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The Lords of Rikers

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“If we didn’t play that role, the strong arm of the state being a protector of the weak, then these housing units would devolve into Hobbesian worlds,” Horn says.

The irony, hard to be lost on anyone in the room, was that the devolution had already occurred.

Horn changed the name One Main to One Central, so it wouldn’t rhyme with House of Pain. Among other things, investigators from the Correction intelligence unit undertook a massive internal investigation. In total, 341 detainees at RNDC were questioned. Nearly everyone confirmed the Program’s existence.

“When I was in 2 Upper South, I was asked if I was ‘wit’ it.’ When I said no, I was hit in the face by a ‘pop-off dummy’ on the tier,” one inmate said.

“I was housed on Mod 1 and broke my hand because I was not ‘wit’ it,’ ” another said.

“My cell just opened up. I was not with it.”

“They tell another inmate they have to pay to live or even pay to sit at a table. Forget about a chair.”

“I do not have a chair. I am just a dayroom nigga.”

Correction investigators also fielded allegations about other RNDC officers’ complicity in the Program, so many that Horn claims he decided to plan his exit from Rikers.

“It horrified me,” Horn says, “to think this was all going on under my nose.”

Dora Schriro, Horn’s replacement at Correction, has struggled to control the increasing number of violent incidents on Rikers. Last month, at a City Council oversight hearing, Schriro claimed the reason for the uptick was that staff were better reporting incidents, but she failed to articulate a comprehensive plan to combat jail violence. In December, after clamoring from Sidney Schwartzbaum, the union leader for deputy wardens, Schriro initiated one reform by opening up a punitive-segregation unit within RNDC so inmates are punished there rather than herded together in units like One (Main) Central. So far, it’s been working to quell violence, sources inside RNDC say.

Meanwhile, prosecutors are preparing to go to trial in Robinson’s murder case. At the Bronx district attorney’s office, the Program and jail violence is familiar territory. In February 2008, months before Robinson arrived on Rikers, prosecutors charged RNDC officer Lloyd Nicholson with running the Program, assaulting inmates and falsifying reports. In one instance, an inmate claimed, Nicholson “put the ‘not with it niggaz’ in the dayroom and extremely beat the shit out of the person, until they say ‘wit’ it.’ ” One inmate was beaten so badly he had a punctured lung. Last year, Nicholson was convicted and sentenced to six years in prison.

The crux of criminal cases against Correction officers often rest on the reliability of the witnesses. The problem for prosecutors is that in nearly all cases they are inmates, who are notoriously untrustworthy. What makes inmates even more unreliable on the stand is that they are often forced to admit to making deals with prosecutors in exchange for their testimony. But piecing together the case against McKie and Nelson, inmates told investigators similar things.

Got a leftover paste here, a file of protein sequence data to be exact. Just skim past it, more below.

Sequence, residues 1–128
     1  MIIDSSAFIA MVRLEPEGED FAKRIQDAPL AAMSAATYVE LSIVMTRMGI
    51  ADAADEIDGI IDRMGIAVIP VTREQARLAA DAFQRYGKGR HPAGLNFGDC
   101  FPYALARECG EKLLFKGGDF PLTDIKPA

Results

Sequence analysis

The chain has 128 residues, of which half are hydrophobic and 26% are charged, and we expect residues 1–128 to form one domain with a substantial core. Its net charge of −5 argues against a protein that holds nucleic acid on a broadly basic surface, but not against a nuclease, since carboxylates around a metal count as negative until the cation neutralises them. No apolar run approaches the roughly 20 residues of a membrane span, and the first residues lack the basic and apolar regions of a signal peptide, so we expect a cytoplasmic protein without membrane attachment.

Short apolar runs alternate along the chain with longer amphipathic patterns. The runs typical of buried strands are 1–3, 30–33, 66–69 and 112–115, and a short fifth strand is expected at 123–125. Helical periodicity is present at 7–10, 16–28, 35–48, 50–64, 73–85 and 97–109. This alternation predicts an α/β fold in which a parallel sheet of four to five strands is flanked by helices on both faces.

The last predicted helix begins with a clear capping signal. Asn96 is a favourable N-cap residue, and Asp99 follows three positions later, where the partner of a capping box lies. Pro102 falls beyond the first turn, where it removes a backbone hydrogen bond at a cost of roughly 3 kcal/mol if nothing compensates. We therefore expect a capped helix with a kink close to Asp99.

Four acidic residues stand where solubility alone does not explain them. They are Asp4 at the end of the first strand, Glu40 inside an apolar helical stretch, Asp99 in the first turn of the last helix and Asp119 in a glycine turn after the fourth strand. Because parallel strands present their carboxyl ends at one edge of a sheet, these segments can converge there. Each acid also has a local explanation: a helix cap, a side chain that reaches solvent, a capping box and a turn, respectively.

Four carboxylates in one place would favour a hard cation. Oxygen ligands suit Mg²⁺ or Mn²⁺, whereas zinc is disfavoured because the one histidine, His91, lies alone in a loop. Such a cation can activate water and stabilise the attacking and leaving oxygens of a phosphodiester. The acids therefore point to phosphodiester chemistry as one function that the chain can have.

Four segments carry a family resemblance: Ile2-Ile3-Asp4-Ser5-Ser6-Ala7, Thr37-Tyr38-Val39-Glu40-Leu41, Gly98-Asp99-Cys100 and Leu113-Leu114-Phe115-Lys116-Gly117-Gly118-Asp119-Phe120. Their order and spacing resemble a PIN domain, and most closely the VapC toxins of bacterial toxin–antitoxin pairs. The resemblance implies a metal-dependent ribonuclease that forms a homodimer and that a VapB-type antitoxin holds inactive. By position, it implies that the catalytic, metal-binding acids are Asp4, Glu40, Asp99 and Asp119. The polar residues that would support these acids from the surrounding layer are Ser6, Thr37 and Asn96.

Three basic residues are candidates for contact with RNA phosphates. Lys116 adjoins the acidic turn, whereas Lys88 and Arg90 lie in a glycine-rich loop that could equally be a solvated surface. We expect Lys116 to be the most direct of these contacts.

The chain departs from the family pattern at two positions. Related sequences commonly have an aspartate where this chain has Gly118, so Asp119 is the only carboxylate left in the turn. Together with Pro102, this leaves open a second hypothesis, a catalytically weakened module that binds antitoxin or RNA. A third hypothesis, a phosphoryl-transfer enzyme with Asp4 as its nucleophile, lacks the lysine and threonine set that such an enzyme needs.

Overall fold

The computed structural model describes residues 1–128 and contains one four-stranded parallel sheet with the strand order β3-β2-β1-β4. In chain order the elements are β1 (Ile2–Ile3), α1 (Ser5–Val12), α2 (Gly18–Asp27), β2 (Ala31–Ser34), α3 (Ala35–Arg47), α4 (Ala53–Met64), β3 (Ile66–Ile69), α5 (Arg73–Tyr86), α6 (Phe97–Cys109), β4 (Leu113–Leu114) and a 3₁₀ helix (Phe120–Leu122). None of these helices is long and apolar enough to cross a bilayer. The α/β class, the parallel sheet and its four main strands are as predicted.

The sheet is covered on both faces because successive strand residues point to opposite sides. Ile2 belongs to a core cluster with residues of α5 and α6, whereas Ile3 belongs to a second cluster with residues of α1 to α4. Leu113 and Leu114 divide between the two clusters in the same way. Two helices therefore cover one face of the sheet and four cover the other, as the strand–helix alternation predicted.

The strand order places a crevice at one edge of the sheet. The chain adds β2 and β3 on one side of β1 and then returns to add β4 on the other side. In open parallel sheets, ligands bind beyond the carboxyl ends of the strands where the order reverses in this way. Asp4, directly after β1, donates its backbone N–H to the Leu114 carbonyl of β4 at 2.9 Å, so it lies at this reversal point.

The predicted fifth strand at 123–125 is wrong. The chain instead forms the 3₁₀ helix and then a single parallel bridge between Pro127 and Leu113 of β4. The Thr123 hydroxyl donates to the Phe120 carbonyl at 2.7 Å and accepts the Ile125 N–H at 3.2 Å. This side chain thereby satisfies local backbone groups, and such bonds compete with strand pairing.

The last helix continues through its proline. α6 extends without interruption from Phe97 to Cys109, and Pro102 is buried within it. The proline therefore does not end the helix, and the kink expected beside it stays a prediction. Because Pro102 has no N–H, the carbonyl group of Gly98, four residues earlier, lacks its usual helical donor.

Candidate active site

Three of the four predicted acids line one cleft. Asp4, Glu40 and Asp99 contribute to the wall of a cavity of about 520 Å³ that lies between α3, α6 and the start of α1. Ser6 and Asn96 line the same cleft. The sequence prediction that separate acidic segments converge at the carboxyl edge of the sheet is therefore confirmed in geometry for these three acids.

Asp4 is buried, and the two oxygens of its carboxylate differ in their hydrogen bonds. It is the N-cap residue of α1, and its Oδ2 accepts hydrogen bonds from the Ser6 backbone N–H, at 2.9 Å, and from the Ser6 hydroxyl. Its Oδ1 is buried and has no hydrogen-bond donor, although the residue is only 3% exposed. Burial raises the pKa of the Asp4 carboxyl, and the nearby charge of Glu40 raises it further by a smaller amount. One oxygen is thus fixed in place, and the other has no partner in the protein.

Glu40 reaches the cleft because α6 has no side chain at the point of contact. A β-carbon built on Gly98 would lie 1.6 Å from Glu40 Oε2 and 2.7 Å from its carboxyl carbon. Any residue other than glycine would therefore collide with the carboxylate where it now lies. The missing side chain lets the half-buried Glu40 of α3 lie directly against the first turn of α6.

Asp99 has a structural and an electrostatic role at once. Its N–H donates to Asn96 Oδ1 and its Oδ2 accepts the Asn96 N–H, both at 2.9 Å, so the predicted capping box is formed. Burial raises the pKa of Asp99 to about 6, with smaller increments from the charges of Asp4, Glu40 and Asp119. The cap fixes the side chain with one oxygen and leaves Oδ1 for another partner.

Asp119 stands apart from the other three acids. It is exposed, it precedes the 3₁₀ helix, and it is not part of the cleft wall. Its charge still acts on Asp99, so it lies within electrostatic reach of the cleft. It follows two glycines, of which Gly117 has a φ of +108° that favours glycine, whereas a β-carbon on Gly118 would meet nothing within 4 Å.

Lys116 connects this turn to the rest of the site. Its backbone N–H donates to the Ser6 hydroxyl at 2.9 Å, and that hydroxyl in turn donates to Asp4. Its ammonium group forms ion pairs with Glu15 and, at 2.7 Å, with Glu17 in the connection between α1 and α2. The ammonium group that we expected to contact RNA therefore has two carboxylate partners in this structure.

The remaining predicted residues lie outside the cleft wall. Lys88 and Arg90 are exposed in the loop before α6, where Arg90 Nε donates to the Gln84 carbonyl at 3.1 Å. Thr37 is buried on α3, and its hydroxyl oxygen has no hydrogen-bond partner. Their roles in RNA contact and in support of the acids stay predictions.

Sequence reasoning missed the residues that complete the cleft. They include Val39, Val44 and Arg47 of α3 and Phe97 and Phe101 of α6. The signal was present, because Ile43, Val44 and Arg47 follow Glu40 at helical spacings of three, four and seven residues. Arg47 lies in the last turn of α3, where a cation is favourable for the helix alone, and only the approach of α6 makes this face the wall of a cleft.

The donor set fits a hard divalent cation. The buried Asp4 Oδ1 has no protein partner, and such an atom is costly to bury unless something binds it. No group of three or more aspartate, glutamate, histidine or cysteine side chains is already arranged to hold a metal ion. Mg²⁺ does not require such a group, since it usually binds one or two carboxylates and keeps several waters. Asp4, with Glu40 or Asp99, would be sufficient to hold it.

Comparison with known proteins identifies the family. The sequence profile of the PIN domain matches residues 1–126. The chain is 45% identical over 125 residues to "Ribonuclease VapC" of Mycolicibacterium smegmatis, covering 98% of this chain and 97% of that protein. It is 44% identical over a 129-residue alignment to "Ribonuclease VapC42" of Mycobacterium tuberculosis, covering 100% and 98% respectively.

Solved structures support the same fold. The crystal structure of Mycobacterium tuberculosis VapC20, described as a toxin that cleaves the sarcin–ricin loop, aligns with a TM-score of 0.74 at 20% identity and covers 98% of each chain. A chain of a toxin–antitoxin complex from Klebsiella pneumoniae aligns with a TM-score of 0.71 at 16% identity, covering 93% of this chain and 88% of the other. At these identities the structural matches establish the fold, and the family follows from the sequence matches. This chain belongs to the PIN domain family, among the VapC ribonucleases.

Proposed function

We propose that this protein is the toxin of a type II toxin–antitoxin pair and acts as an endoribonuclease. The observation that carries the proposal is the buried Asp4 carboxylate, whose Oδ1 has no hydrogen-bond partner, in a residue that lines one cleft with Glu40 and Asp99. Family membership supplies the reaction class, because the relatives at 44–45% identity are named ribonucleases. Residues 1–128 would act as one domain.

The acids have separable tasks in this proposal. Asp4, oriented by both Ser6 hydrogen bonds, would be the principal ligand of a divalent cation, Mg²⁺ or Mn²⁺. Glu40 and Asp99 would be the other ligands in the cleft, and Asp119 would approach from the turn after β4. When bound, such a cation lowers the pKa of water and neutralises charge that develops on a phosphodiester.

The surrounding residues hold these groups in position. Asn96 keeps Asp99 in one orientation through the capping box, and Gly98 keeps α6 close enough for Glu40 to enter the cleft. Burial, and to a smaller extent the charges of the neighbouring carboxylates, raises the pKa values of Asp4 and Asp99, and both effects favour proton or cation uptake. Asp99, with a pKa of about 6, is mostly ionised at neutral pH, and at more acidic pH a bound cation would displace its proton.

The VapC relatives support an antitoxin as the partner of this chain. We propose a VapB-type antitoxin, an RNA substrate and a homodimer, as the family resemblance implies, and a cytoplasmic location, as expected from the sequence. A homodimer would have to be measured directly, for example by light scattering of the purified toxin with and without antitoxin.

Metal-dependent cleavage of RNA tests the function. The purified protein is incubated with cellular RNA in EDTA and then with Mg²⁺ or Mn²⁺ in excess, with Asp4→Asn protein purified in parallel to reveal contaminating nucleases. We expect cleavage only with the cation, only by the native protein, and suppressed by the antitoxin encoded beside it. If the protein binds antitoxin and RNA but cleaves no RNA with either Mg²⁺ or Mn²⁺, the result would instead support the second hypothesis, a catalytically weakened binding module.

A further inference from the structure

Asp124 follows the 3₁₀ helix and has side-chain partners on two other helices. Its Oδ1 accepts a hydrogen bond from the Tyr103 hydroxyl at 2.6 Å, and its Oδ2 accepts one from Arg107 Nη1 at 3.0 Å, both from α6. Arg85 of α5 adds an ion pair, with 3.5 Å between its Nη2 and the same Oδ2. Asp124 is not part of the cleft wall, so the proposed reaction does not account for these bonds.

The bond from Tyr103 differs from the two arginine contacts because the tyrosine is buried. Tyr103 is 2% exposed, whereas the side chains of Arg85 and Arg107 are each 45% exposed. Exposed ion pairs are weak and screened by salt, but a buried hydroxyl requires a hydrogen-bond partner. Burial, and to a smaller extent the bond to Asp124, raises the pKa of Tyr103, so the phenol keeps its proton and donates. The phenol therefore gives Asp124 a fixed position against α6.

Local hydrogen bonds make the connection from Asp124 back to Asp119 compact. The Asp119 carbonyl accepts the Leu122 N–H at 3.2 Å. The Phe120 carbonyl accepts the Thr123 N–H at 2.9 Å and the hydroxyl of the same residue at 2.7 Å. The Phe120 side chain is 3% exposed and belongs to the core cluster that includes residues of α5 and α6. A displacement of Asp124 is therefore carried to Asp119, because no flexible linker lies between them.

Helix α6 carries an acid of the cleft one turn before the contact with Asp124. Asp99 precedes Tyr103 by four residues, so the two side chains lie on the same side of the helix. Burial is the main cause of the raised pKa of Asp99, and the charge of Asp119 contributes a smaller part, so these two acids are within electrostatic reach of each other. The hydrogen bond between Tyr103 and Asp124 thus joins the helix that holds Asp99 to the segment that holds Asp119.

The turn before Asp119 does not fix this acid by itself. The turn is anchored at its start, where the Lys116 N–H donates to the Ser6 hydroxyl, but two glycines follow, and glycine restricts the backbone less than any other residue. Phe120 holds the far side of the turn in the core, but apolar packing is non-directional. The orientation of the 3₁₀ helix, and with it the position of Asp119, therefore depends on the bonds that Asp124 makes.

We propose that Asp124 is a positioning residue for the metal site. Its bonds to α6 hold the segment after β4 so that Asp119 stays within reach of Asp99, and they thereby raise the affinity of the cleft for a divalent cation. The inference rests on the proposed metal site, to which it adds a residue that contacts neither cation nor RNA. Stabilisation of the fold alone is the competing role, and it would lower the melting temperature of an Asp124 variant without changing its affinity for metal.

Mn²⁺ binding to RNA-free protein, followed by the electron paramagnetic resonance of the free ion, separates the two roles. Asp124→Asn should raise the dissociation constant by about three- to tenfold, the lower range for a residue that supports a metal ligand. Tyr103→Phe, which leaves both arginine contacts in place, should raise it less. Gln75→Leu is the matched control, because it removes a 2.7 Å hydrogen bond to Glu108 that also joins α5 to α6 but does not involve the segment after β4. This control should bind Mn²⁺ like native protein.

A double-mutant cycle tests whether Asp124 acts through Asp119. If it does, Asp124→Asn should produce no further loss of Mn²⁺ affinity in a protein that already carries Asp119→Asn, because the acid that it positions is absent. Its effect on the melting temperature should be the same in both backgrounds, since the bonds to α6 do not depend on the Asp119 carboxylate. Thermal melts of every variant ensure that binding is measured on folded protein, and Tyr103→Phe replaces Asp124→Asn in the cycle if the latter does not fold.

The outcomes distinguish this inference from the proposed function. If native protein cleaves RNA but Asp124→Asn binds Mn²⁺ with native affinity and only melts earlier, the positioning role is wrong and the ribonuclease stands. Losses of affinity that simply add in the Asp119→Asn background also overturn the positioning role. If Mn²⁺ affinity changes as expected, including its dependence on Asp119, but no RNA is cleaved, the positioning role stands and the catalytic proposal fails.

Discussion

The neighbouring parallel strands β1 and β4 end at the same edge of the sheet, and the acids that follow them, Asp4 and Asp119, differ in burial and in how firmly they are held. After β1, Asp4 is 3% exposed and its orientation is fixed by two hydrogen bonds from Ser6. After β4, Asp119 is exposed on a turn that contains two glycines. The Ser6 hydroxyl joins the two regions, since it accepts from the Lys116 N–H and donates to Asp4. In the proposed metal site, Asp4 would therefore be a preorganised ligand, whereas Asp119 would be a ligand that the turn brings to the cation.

“Most of the problems started with the C.O.,” one inmate said, according to an internal report. “They call him ‘Mac.’ He would open your cell while you were sleeping, and he would let the Team come into your cell. The team would then put you in a ‘chicken-wing’ position and beat you.”

“C.O. Mack ask inmates if they are wit’ it,” another inmate stated. “They do not hit you in the face unless you try and defend yourself and start swinging.” Another told investigators McKie tried to make him a “P.O.D., pop-off dummy.” When he refused, the inmate was “assaulted by unknown inmates.”

Prosecutors came to believe that all of this was consciously sanctioned and even directed by the guards. They ultimately charged McKie and Nelson under an enterprise-corruption statute, a state version of RICO. McKie and Nelson had essentially started their own prison gang, the indictment claims, and “recruited inmates to serve as subordinate managers, foot soldiers, and enforcers for the Program and directed them to maintain order within One Main.”

“I just want people to know, my husband didn’t do this,” says Sharmaine McKie, Michael McKie’s wife. We’re sitting in a diner in Brooklyn, and her eyes well up with tears. She reaches for a napkin. “Gangs is what he never wanted to get involved with. He’s not supposed to be the one in jail.”

After his arrest, a judge placed McKie’s bail at $400,000. He and his family couldn’t afford a bond. His old basketball coach Eisenberg put up his house, but there wasn’t enough equity in it to cover McKie’s bail. McKie was sent to an upstate prison, waiting for trial to begin, only to have it postponed several times. Almost two years passed before he was released.


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